*  *  *  *  *

I frequently feel misunderstood. Am I alone in this? Do you ever feel misunderstood?

Not only do I feel alone because of my personality, I also feel alone because of my profession. I hate the assumptions people make about who a pastor is.

I don’t golf or sing or play guitar or want to go on retreats with other men. And since we’re being honest, I’m probably one of the more difficult people in my church.

In fact, stereotypical pastor-types bother me.

This confession has already gotten too long and I’ve probably revealed too much. I’m not trying to make anyone feel sorry for me. It’s not a cry for help. I don’t feel like I need more buddies.

More than anything else, I just want to be understood. I like being different, and I like who I am. I’m comfortable with myself and I like being alone—but I also want to be known and understood, I want at least a few people to get me.

From the zombie movie reference, R and Julie live in a world they don’t totally understand or fit into. And although they’re surrounded by lots of bodies, they feel alone in the world. They try to understand each other, but the relationship is tenuous and tricky.

This perfectly describes me. Maybe with some time and effort, and the help of some unique people, my cold body will develop a warm heart.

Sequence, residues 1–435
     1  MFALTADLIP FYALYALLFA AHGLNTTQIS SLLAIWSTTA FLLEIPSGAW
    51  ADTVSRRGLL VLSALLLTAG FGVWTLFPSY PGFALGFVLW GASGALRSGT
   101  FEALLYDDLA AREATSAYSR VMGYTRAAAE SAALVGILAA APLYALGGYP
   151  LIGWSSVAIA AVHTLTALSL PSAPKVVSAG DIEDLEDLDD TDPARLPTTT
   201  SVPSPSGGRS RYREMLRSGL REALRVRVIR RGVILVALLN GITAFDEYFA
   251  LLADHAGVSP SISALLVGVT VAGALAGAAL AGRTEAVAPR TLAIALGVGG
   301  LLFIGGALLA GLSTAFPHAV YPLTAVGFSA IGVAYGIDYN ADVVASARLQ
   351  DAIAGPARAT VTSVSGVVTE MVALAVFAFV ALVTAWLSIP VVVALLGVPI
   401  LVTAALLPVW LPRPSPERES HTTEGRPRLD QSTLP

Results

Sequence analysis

“If you meet a loner, no matter what they tell you, it’s not because they enjoy solitude. It’s because they have tried to blend into the world before, and people continue to disappoint them.” ― Jodi Picoult

Do you relate? In what ways do you feel alone in the world? How do you cope?

This is part 1 of 3 posts this week. Come back tomorrow for “I Want To Be Alone” and Thursday for “Between Alone & With

I am a husband, father, pastor, leader & reader. I love God, love people & love life.

18 Comments to I Feel Alone

  1. Tim wheeler

    I sense this in myself as well. I’m happily married, have two wonderful kids, a church family I love and enjoy being with and a very supportive family, but still don’t feel like I’m the “yin to anyone’s yang” (or whatever the appropriate Christian phrase would be).

    I dont know if I was born this way, or if it developed in me as a survival technique due to being the younger brother of the popular, talented and “so good looking” Kyle Wheeler, along with being stuck at home while my parents constantly fought in what seemed to be a never-ending divorce.

    But through it all I grew very comfortable with myself, because I didn’t need anyone else, but I very much enjoy other people. That dichotomy I think is what allows me to both fit in to a new group easily, but also leave a group without much regret or sadness. Probably helps explain why I’m so black and white on many things because I hold to my view and if you don’t like it, I don’t need you anyway.